Hot topic debates organised by the Transforming Cities Community

Shaking things up

Initiating radical transformative change means talking about challenging, deep and sometimes painful questions. In a series of five debates held across the city of Utrecht, the Transforming Cities Community has taken up some of these challenging questions in the field of sustainable urban development.

The goal of the debates is to have a diverse and interdisciplinary panel of academics from across Utrecht University (and outside) to discuss provocative and ‘taboo’ topics, steered by presentations from experts in the fields. The events were well received and showed that interdisciplinary discussions can help to develop deeper and nuanced academic insights and question the existing ways of sense making and valuing urban futures.

The debates covered various challenging and urgent questions, such as how political scientists can (or should) be, whether urban residents are ready to cohabitate with (wild) nature, whether smart cities are ‘the solution’, how concerns of populist voters can be taken seriously, and how to find synergies and avoid trade-offs between environmental sustainability and equality.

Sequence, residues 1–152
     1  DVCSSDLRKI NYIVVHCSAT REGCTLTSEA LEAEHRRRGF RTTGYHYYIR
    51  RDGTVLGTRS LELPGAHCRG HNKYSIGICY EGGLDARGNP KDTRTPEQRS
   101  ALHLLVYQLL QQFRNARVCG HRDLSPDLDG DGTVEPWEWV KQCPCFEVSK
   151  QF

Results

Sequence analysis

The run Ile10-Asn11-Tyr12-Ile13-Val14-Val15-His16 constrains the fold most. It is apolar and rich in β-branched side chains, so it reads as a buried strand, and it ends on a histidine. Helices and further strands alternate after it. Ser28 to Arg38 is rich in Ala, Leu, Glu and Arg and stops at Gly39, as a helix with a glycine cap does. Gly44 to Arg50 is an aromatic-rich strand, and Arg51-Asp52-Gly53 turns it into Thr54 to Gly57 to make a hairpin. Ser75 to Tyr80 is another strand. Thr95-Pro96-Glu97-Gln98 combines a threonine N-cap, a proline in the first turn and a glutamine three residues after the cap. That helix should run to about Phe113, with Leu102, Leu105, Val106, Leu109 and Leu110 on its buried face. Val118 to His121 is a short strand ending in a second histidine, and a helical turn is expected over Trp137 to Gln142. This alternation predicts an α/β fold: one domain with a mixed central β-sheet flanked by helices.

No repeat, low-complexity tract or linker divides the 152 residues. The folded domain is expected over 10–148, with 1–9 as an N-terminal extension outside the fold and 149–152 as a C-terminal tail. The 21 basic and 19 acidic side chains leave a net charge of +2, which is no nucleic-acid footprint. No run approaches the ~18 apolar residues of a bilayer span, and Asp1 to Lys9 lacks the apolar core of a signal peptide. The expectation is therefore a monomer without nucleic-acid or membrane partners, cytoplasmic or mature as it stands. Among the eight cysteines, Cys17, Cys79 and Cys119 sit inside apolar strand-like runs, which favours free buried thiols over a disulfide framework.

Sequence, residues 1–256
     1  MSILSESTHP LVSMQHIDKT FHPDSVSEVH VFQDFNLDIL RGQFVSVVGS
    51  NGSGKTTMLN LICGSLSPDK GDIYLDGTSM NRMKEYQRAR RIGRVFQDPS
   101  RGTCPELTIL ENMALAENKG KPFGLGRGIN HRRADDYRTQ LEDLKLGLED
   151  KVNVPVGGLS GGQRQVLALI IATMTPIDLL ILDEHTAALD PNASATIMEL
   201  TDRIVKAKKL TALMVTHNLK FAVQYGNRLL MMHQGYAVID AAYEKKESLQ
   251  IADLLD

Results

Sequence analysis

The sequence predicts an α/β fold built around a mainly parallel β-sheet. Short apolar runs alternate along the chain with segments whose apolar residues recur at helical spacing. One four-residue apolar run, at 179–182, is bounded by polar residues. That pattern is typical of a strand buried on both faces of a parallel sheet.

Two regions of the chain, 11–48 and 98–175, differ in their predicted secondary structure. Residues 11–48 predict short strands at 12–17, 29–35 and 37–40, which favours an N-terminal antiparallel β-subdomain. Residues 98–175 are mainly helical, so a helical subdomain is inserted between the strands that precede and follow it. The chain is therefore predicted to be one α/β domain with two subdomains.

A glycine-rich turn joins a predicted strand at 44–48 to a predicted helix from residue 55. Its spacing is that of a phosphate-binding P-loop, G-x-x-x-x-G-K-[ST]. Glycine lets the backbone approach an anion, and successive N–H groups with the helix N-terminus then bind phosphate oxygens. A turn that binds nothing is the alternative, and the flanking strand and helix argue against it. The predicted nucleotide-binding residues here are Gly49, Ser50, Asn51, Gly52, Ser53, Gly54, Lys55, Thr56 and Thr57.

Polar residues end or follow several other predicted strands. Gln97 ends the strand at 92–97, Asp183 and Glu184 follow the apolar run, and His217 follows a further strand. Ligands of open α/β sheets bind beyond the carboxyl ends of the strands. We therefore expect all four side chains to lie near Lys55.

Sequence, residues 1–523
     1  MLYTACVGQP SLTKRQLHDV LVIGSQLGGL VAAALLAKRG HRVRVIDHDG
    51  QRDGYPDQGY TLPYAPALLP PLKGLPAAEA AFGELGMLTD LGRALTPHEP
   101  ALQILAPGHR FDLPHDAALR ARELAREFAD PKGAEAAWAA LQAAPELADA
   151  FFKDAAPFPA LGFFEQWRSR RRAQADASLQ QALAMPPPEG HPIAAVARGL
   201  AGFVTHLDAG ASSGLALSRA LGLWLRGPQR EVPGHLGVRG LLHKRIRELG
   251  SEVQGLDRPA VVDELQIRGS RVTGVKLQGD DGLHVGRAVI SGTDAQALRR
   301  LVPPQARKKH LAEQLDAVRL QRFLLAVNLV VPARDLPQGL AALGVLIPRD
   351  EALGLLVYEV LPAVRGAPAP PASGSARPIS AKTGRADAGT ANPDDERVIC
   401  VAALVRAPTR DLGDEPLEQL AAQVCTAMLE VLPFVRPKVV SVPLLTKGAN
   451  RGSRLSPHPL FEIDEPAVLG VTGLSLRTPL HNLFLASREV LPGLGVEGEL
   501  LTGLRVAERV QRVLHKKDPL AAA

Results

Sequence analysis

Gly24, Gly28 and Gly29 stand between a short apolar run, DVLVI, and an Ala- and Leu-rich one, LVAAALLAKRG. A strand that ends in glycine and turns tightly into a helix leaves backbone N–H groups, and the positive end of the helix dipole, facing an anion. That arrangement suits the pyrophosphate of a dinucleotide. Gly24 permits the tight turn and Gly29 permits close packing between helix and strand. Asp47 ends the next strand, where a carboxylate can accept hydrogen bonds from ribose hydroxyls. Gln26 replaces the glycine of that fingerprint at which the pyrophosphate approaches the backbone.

The participants came from diverse academic backgrounds, which made the discussions fruitful, exciting and engaging. The debates created an open an inclusive space that “got people to talk about what makes them uncomfortable” (Joost Vervoort), which was received well by all participants and opened up new ways of engaging with one another. The Community aims to continue this in a similar matter next year.

Group of people discussing urban nature
Debate Rewilding the city

After each debate, the key speakers and participants were invited to co-produce a perspective paper, in which some of the debate topics are being discussed. As Niki Frantzeskaki noted, bringing together a “unique group of people to write papers who would usually not collaborate” is one of the key outcomes of the debates. The events were thus successful in bringing people together, forming alliances and connecting academics across different disciplines.

Despite these very different topics, a common central theme that crystallised in all of the debates was the Western bias of academic institutions and knowledge creation. The need to acknowledge and involve non-Western and indigenous ideas, institutions, knowledge and experience in academia was discussed lively. The Transforming Cities Community has thus decided to organise a ‘learning from the Global South’ workshop next year, which aims at bringing knowledge and experience from the Global South to the fore.  In addition, Transforming Cities will keep on searching for the edges by organizing events on the topics like imagination infrastructuring, the role of researchers and impact and narratives of urban nature.